Many of us agree that the amount of misinformation and lies on the internet — particularly social media — exploded and damaged our social norms and trust in others these past few years. When you start factoring the right to free speech, large tech companies, and the unfathomable amount of information created per day, it becomes a nuanced and complicated problem. (Fun Fact: the World Economic Forum reported that four petabytes of data are created on Facebook per day in 2019).
Because this problem is related to marketing and will most likely affect the industry, I listened to several podcasts to learn more about human behavior on the internet, digital marketing, social media, how companies commodify our data, and what we can do about it.
Adam Marantz: Andrew Marantz is a journalist, staff writer for The New Yorker magazine, and author of Antisocial: Online Extremists, Techno-Utopians and the Hijacking of the American Conversation. Andrew talks about internet trolls and how they impact society, and his experience getting to know white nationalists to better understand race in America and how they became radicalized.
Leah Plunkett: Leah is the author of Sharenthood: Why We Should Think Before We Talk about Our Kids Online and faculty associate at the Berkman Klein Center for Internet & Society at Harvard and an associate professor at the University of New Hampshire School of Law. She discusses the effects of sharing kids' data on the internet, being authentic online, and how tech companies are commodifying data now and in the future.
Why the Left Had to Steal the Right’s Dark-Money Playbook (Bonus Episode): The sociologist Sudhir Venkatesh spent years studying crack dealers, sex workers, and the offspring of billionaires. Then he wandered into an even stranger world: social media. He spent the past five years at Facebook and Twitter. Now that he’s back in the real world, he’s here to tell us how the digital universe really works. In this pilot episode of a new podcast, Venkatesh interviews the progressive political operative Tara McGowan about her digital successes with the Obama campaign, her noisy failure with the Iowa caucus app, and why the best way for Democrats to win more elections was to copy the Republicans.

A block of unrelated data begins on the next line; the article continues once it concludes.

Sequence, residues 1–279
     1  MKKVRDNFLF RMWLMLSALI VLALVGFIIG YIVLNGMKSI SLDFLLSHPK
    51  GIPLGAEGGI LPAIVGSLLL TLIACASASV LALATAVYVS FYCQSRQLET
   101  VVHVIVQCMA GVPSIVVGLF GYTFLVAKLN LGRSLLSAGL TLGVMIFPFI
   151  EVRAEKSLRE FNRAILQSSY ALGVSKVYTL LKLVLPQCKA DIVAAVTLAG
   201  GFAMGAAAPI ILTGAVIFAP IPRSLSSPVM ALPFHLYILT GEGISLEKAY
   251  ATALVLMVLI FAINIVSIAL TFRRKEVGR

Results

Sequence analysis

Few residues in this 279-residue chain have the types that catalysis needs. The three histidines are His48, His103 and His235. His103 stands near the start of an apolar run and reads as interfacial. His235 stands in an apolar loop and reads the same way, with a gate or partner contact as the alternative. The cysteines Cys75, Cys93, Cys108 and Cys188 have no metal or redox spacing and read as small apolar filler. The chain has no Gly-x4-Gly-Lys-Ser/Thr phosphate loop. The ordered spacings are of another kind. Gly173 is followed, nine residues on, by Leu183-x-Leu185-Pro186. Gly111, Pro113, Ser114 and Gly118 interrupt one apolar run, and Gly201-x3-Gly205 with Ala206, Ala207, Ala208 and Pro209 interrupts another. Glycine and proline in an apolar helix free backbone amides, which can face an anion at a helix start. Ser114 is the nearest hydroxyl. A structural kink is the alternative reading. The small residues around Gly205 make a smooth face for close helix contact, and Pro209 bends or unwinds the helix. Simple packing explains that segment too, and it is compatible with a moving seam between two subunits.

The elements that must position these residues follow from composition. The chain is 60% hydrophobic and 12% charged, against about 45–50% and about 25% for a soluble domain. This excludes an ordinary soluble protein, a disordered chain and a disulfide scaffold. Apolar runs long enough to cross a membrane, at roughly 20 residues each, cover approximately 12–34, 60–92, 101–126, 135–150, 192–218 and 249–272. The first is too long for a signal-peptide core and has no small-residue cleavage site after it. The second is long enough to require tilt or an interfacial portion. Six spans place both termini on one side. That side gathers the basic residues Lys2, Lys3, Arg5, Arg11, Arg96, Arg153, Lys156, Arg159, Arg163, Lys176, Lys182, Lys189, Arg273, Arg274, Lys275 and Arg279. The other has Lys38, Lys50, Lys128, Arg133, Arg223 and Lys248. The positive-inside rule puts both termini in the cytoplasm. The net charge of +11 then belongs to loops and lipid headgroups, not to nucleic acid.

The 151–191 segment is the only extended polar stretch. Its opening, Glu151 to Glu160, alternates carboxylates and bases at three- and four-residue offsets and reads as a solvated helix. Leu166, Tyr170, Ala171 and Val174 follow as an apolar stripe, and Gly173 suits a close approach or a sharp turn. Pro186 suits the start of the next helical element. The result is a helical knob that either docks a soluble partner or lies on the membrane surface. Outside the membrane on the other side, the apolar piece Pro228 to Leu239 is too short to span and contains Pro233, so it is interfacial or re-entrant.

The New York Times tech columnist Kevin Roose explores how the internet affects all of us and our communities. This podcast serves as more of a case study. It follows several narratives — a young man who becomes radicalized and involved (and then gets out of) a white nationalist group through YouTube, how YouTube star, PewDiePie, rose to fame and his influence on his followers, and QAnon.
These are long, nuanced podcasts about a very complex problem. There are many additional factors like race, education, socio-economics, and class, that contribute to it. I noticed three main takeaways from a data standpoint:
Tech companies had a strategy for pulling people down the rabbit hole by building algorithms that promote radical content. At the very least, they need to take aggressive actions to ensure that blatant lies aren't spreading like wildfire around the internet.
Tech companies need to be more cautious and thoughtful regarding what happens with people's data and what companies or organizations are using it.
Until regulations are in place or companies change their policies, we, the users, should try to think about whether the content we're about to engage with is credible and offers value. Even though liking, clicking, commenting, posting, and sharing all seem like small, harmless actions, they collectively create a big problem.